100 Days of Writing

The Company We Keep

You might know him from this guide, or from his defense of liberal education at the University of Chicago (my alma mater), or from his classic work on literary criticism. A couple days ago I re-discovered Wayne C. Booth’s The Company We Keep: An Ethics of Fiction on a bottom bookshelf. The book is an English professor and literary critic’s investigation of the problem of ethical criticism. Should there even be such a thing?

For decades literature, and art in general, were “criticized,” i.e. analyzed, evaluated, recommended or not, in western academic literary circles based primarily on pure aesthetics or form, rather than on any ethical or political impact of their content per se. This was a unique movement, given that “moralism” had been the primary norm applied for thousands of years prior, all the way back to Plato’s worries about the poets.

But an incident amongst the English department faculty at Chicago convinced Professor Booth that there were larger issues at stake, and the question deserved a re-think. A brilliant, young — and completely trained, sophisticated, and nuanced — black professor at Chicago declared one semester that he could not teach Huckleberry Finn. The rest of the faculty charitably allowed him to skip the work in his section of English 101 — but they had no real understanding or sympathy, and all continued to appreciate Twain’s classic, teach it, and remain completely convinced that, sufficiently understood, it was not a racist book.

The problem of ethical criticism, and here we have to include all types, at all points along the spectrum: traditional, religious, Marxist, feminist, etc., continued to bother Booth. Just like the friends we choose to hang out with, “the company we keep,” our choice of literature certainly influences us and helps make us who we are. I would extend the perspective beyond fiction, beyond literature and books, to all artistic endeavor, including performances and spectacles, monuments and liturgies. We must choose wisely the company that we keep.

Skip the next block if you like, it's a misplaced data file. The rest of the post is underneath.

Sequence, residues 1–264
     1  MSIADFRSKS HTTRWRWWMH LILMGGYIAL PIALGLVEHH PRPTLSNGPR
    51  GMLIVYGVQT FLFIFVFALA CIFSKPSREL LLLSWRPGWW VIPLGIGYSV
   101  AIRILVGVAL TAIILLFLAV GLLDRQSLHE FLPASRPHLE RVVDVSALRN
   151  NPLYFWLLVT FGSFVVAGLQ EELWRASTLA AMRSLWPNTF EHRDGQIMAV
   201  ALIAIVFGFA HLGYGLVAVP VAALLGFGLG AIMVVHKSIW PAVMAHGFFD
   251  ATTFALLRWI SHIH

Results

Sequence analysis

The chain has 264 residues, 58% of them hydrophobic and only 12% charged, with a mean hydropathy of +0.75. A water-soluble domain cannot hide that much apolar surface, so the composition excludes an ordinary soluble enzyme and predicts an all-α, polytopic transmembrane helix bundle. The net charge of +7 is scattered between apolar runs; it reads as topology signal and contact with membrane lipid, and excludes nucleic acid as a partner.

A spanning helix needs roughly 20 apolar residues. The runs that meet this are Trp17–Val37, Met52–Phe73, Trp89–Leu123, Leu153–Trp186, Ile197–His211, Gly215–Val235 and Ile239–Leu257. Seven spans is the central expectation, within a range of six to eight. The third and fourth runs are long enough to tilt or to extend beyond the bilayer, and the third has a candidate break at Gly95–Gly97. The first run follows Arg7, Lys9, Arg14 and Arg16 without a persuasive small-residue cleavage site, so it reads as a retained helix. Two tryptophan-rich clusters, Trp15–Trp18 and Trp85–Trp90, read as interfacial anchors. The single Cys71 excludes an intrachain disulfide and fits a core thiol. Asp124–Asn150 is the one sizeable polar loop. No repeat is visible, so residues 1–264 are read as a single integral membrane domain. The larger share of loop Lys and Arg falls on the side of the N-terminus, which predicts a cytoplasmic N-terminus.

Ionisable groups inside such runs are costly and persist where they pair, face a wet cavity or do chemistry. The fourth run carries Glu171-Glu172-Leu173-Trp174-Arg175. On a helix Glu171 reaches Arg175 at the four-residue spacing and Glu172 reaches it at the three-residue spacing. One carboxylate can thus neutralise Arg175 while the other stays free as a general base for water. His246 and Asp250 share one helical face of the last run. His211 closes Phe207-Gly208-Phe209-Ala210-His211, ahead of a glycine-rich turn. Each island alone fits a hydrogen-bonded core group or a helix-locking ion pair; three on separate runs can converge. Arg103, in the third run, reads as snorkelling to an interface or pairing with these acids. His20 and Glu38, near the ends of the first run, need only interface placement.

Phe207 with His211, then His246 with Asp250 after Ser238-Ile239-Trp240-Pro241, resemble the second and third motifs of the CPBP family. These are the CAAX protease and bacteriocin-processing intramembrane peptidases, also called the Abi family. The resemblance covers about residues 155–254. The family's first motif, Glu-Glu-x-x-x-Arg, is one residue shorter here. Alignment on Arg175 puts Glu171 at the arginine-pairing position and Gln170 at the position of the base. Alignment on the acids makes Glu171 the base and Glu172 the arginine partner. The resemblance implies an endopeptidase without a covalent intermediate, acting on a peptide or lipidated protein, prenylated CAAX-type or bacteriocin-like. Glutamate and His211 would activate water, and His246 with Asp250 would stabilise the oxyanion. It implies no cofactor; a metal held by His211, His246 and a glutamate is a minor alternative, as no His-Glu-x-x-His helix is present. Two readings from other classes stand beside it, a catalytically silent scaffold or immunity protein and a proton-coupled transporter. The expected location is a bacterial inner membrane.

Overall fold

From yesterday…

Monuments like the Egyptian pyramids… inscriptions or objects… palaces, mausoleums, lavish stelae… thereby forming the core of the world’s major heritage sites and museum collections today. Such is their power that even now we risk falling under their spell.

Graeber & Wengrow, Dawn of Everything, p. 430

It’s clear, I hope, that responsible adults should not choose, or have chosen for them (!), mere echo-chamber pablum. All artworks, because they are mixed creations of mixed human beings, with both good and evil interwoven — plus an aesthetic form, craft, techne that organizes them overlaid on top — require of their partaker some “devil’s tax” to be paid, whether small or great. One approach to the problem of evil, the free speech approach (also the classical Christian approach), is that the best defense is to expose evil, to shine the light on it, to show it for what it is. Put it out there, let it be seen, and criticize it. The answer to mixed art is not censorship, but more free speech.

That assumes we’re talking about responsible adults. Booth comes to a similar conclusion. Not all students, even at the University of Chicago, are yet responsible adults. How could they be? It takes a lifetime (if then). The impact of exposure to literature and artworks with a high “devil’s tax” — however brilliant, however aesthetically perfect — can indeed be corrupting.

Not only do immature readers and partakers of art need to be taught how to deal with the good-evil interweave of mixed creations; not only must they learn to discern between attractive aesthetic form and potentially dubious content; not only should they develop a sense of author and reader, and the full spectrum of potential ethical criticism; all these, yes… and also decisions about the works themselves to be used in the training ground must be taken with care. They become paradigmatic models for growth in discernment, nuance, and formation, not to mention testing one’s mettle, all along the way.

Our society as a whole doesn’t need Platonic levels of censorship, book banning, or the exile or persecution of poets; nor does it need the paternalism of a church’s Index. It does need a lot more light shining brightly! And yet, given the apparent degree of vulnerability out there, the merely incipient capacity for responsibility evident among so many young people (and others) today, judgment needs to be exercised on the part of parents, educators, politicians, and pastors, and whoever else is sufficiently mature, if anyone. Ultimately, as each of us grows towards responsible adulthood (we hope), the choice of what company to keep increasingly lies within our own hearts.